2. Allergy is associated with significant morbidity. The persistent symptoms of allergic rhinitis impair sleep and affect daytime function with reduced productivity in adults and poorer school performances in children. Asthma is a common cause of hospital admissions with one child being admitted to hospital every 20 minutes in the UK. Food allergies, although not symptomatic with effective dietary avoidance, also significantly impair quality of life not only of the affected individual but the family as well. Careful dietary exclusions for example require longer times for shopping to read ingredient labels and impact of social activities limiting eating out, going to parties and so on.

3. Allergy can be fatal. Every year about 1200 people die from asthma in the UK. Admissions to anaphylaxis have increased more than 600% in the 20 years to 2012, although thankfully there has not been a rise in mortality.



Food allergy is defined as

‘an adverse health effect arising from a specific immune response that occurs on exposure to a food. The definition encompasses responses that are classified as IgE-mediated or non-IgE mediated'


Food intolerance

is by contrast the numerous and frequently reported adverse responses to foods that do not involve the immune response


So we classify adverse reactions to food as follows:

1. Non-immune mediated or primary food intolerances

2. Immune mediated or food allergy and Coeliac disease


Non-immune mediated or primary food intolerances.

These are either:

a. Food characteristics such as reactions to pharmacologically active food components (e.g. caffeine) or illness in response to toxins from microbial contamination or to scromboid fish toxin.

  • This is a reaction that results from eating spoiled oily fish (mackerel, tuna) where excess histamine, produced from fish decay, producing symptoms similar to allergy.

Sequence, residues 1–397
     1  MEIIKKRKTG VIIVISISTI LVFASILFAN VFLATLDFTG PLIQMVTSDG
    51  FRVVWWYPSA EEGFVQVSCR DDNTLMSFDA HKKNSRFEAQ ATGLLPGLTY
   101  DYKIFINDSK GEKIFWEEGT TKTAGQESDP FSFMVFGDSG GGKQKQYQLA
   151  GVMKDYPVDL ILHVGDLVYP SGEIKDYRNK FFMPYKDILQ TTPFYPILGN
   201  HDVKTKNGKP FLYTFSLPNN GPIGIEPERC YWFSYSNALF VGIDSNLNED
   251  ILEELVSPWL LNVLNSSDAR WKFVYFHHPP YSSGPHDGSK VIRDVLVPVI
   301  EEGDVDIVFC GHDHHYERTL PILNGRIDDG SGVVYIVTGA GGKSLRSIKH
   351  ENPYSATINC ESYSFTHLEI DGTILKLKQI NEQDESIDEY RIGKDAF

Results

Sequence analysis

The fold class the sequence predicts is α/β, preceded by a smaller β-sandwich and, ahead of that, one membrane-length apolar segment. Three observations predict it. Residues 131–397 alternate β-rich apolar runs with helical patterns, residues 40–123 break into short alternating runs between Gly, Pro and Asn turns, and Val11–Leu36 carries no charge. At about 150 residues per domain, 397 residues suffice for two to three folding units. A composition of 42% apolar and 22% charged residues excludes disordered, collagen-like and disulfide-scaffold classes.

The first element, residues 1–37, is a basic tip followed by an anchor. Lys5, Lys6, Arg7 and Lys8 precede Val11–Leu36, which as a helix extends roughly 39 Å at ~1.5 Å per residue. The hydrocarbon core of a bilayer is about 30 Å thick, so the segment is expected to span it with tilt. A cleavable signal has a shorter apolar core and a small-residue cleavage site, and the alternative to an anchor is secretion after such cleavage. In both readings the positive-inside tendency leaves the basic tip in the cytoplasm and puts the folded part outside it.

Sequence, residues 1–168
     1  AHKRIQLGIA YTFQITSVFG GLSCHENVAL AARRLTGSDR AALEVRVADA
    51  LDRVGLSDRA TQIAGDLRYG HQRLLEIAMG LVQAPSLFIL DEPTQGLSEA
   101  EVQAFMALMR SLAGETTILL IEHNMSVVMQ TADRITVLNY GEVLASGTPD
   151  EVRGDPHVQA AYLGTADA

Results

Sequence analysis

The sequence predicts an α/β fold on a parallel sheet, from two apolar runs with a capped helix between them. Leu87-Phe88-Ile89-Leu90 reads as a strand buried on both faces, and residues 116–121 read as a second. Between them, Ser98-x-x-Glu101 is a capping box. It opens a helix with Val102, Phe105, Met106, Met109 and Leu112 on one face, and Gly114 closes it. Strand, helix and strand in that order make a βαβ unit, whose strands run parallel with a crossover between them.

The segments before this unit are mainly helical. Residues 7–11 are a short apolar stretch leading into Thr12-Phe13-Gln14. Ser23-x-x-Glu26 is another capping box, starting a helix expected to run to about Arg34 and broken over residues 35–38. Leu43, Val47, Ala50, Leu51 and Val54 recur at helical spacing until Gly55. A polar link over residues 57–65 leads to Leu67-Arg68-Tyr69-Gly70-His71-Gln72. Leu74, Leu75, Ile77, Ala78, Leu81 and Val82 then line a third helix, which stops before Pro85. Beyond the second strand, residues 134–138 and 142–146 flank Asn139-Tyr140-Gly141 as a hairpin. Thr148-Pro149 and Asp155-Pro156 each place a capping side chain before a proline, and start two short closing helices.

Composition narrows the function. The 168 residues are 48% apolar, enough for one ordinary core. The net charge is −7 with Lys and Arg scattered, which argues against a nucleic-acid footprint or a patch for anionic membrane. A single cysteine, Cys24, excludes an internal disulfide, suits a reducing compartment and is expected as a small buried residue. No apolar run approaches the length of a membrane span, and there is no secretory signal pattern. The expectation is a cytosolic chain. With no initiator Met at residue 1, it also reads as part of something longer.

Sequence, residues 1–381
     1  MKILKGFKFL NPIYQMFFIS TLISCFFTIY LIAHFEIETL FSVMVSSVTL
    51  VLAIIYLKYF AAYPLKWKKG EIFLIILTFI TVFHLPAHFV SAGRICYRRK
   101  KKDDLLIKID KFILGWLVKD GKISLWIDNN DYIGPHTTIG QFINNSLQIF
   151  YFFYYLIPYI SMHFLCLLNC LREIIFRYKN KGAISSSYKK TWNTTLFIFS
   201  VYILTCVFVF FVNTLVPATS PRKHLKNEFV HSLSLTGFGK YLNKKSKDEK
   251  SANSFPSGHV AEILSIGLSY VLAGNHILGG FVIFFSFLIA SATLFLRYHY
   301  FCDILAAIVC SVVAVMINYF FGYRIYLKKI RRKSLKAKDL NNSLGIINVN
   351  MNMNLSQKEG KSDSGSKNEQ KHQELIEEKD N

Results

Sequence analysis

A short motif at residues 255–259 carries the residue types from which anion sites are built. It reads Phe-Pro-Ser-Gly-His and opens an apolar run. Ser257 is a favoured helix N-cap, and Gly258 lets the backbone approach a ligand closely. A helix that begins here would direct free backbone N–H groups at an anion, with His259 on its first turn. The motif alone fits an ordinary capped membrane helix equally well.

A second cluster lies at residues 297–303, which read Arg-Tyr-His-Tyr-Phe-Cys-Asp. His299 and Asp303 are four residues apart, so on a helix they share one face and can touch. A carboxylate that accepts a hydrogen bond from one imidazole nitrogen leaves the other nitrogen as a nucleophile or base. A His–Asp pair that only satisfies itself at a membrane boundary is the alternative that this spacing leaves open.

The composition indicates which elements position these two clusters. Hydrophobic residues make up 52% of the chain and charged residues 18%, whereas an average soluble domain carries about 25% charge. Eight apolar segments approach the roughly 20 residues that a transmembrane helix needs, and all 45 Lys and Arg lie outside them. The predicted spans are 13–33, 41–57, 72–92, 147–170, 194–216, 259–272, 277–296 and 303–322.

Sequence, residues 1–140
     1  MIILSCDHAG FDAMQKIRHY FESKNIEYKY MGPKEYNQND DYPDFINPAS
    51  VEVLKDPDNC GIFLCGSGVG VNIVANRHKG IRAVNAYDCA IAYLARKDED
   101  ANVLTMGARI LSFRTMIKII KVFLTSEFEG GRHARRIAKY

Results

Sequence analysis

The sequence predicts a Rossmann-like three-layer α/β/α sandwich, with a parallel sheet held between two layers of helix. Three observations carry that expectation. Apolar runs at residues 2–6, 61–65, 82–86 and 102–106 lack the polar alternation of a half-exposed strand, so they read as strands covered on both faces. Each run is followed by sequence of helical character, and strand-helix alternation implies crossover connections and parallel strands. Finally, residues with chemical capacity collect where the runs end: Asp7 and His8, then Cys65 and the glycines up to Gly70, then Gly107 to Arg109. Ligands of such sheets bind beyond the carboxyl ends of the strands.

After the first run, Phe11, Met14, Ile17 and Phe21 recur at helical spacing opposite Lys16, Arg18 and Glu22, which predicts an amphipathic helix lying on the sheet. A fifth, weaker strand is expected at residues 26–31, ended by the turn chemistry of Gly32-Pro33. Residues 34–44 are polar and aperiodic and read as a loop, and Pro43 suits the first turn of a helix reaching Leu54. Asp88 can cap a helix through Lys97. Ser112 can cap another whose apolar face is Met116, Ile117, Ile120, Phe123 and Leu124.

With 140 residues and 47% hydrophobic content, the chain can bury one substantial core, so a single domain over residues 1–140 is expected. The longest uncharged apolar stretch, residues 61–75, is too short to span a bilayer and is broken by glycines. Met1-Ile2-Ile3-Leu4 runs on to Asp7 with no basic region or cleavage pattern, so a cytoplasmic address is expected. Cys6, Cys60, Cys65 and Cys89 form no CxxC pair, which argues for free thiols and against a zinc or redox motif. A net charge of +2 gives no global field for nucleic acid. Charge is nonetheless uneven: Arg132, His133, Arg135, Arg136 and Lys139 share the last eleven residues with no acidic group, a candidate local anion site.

b. Host characteristics include

  • metabolic disorders such as lactose intolerance and psychological or neurological responses such as food aversion or rhinorrhoea caused by spicy foods.


2. Immune mediated or food allergy and Coeliac disease.

Food allergy is classified by immune mechanism into IgE and non-IgE mediated types. These have classical presentations but are further classified into a number of conditions depending on clinical picture and severity.


How does food allergy present?

The two main phenotypes of food allergy are

  1. immediate-onset or IgE-mediated and
  2. delayed-onset or non-IgE-mediated. 


IgE mediated

  • immediate


Non IgE mediated



Food allergy presentation: Immediate onset of IgE-mediated food allergy phenotypes



  • Urticaria/angioedema
    • Acute (rarely chronic) hives and swelling with gastro- intestinal but not respiratory or CVS symptoms. (any)
  • Anaphylaxis
    • Rapidly progressive, potentially fatal, multiple organ system reaction with respiratory symptoms and can include cardiovascular. (nuts, fish, shellfish, milk, eggs
  • Food- associated exercise induce anaphylaxis (FRIES)
    • Food triggers anaphylaxis only if ingestion is followed temporally (within 2 hours) by exercise.
      (wheat, shellfish, celery)
  • Pollen food syndrome
    • Pruritus and mild oedema confined to the oral cavity (lips, tongue, mouth and throat) uncommonly progressing. Associated with hay fever (raw fruit and vegetables)